- Make sure that the turkey is fully defrosted before cooking. Avoid defrosting the bird at room temperature. Defrost in the fridge.
- Ensure the internal temperature is above 165°F. This is the recommendation of the FDA.
- Make sure the temperature probe reaches the centre of the breast and the thigh and wing.
- Be careful not to cross-contaminate. Wash your hands after handling raw turkey.
More Turkey Tips
- Put the smoked turkey in the oven for ten minutes to make the skin crispy.
- If you need the turkey cooked on time, save yourself the stress and cook it early. If you wrap the turkey with a towel and place it in a cooler, it will remain hot for 3 hours.
- Foil the wings for the latter stages to prevent them from burning.
- Defrost your turkey in the refrigerator for 2 or 3 days prior to cooking.
- Use kitchen twine to tie the turkey legs together.
- Use a duel probe thermometer and an instant-read thermometer to probe different parts of the bird.
Weber Smokey Mountain – Smoking a Bird on a WSM
- Open all the vents and raise the chamber temperature to 300°F.
- When preheating, open all the vents. This will allow for the sharp temperature to drop once you add the meat.
- Once you hit 300°, slightly close off the bottom vents until you reach your target temperature of 350°F.
- Add the turkey to the breast side up. This will lower the temperature to 325°F, which is your target cooking temperature.
- For the best results, point the drumsticks towards the top vent.
- Don’t use a water pan.
- Use wood chunks or splits. Don’t use wood chips and avoid soaking wood beforehand.
- Use lump charcoal rather than briquettes.
- For a more even cook, direct the breast away from the top vent. This will prevent the breast from drying out.
- Allow about 3 hours to cook your turkey.
- Spatchcocking a turkey will allow for an even cook.
Offeset Smokers – Turkey on a Stickburner
- When smoking a turkey on an offset smoker, the ideal temperature is between 300° and 325°F.
- Put the legs towards the firebox. This will stop the breasts from drying out. The legs and the thighs can withstand more heat than the breast. If the legs look like they are burning at any point, wrap them with foil.
- Use a water pan in the offset smoker. This will ensure the turkey stays nice and moist.
- After 1.5 hours, baste the turkey for the second half of the cook. You can baste the turkey by spraying with oil or cover with butter and foil wrap the turkey. The foil will help retain the moisture.
- The safe temperature for poultry in 165°F. Probe the breast and the thighs with an instant-read thermometer to get an accurate reading.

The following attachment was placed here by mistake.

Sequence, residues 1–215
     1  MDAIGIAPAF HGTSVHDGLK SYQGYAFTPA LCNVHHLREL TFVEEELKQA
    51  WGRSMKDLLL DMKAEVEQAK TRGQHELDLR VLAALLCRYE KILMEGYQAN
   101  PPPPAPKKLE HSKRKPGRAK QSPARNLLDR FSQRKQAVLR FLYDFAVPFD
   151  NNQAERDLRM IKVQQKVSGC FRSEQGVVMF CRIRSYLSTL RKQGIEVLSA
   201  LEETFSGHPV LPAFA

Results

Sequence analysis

Smoked Turkey on an Electric Smoker
Electric smokers have their critics, but you can still smoke a good turkey by following these tips and tricks. One problem with electric smokers is they can’t cook at high temperatures, which makes it difficult to get a nice crispy skin on your turkey. The way around this is to finish it in the oven at a high temperature to crisp up the skin. Make sure you turn your electric smoker up as high as it will go. Most electric smokers have a maximum temperature of 250-275°F.
- Place turkey in the electric smoker for 2-hours.
- Remove from smoker, add more oil or butter to the skin.
- Place turkey in the oven for 1 hour at 350°F.
- Rotate the racks half way through the cook.
- Allow an extra 30 minutes if you are smoking two smaller birds.
- Raise the bottom turkey as far as possible from the heating element.
- Remember, smoke will only absorb into the turkey for the first few hours, so spending the last hour in the oven will take nothing away from the smoked flavor.
How to Get More Smoke in an Electric
The other criticism of electric smokers is that they don’t produce enough smoke. The way around this is to use a smoke tube. A smoke tube is a metal cylinder that holds pellets or sawdust. The idea is to get the pellets smoldering inside the tube, and that will produce some wonderful smoke for hours. The other advantage of a smoke tube is you then don’t have to keep refiling the wood chip tray. For turkey, I would recommend using apple or cherry pellets.
Smoked Turkey on a Pellet Grill
- Set the temperature to 300℉.
- Pre heat the Traeger with the lid closed.
- The best wood for poultry is a 50/50 mix of fruit wood such as apple and cherry. Pecan also works well mixed in.
- A turkey should take between 2 and 3 hours.
- If you want to make the skin crispy, raise the temperature to 325℉ for the last hour of the cook.
- Remove once internal temperature reaches 165℉.
- Rest the turkey for 20 minutes.
How To Smoke Turkey on a UDS (Ugly Drum Smoker)
- Use a charcoal chimney are pre-light half your coals and throw them in the charcoal basket on top of the unlit coals.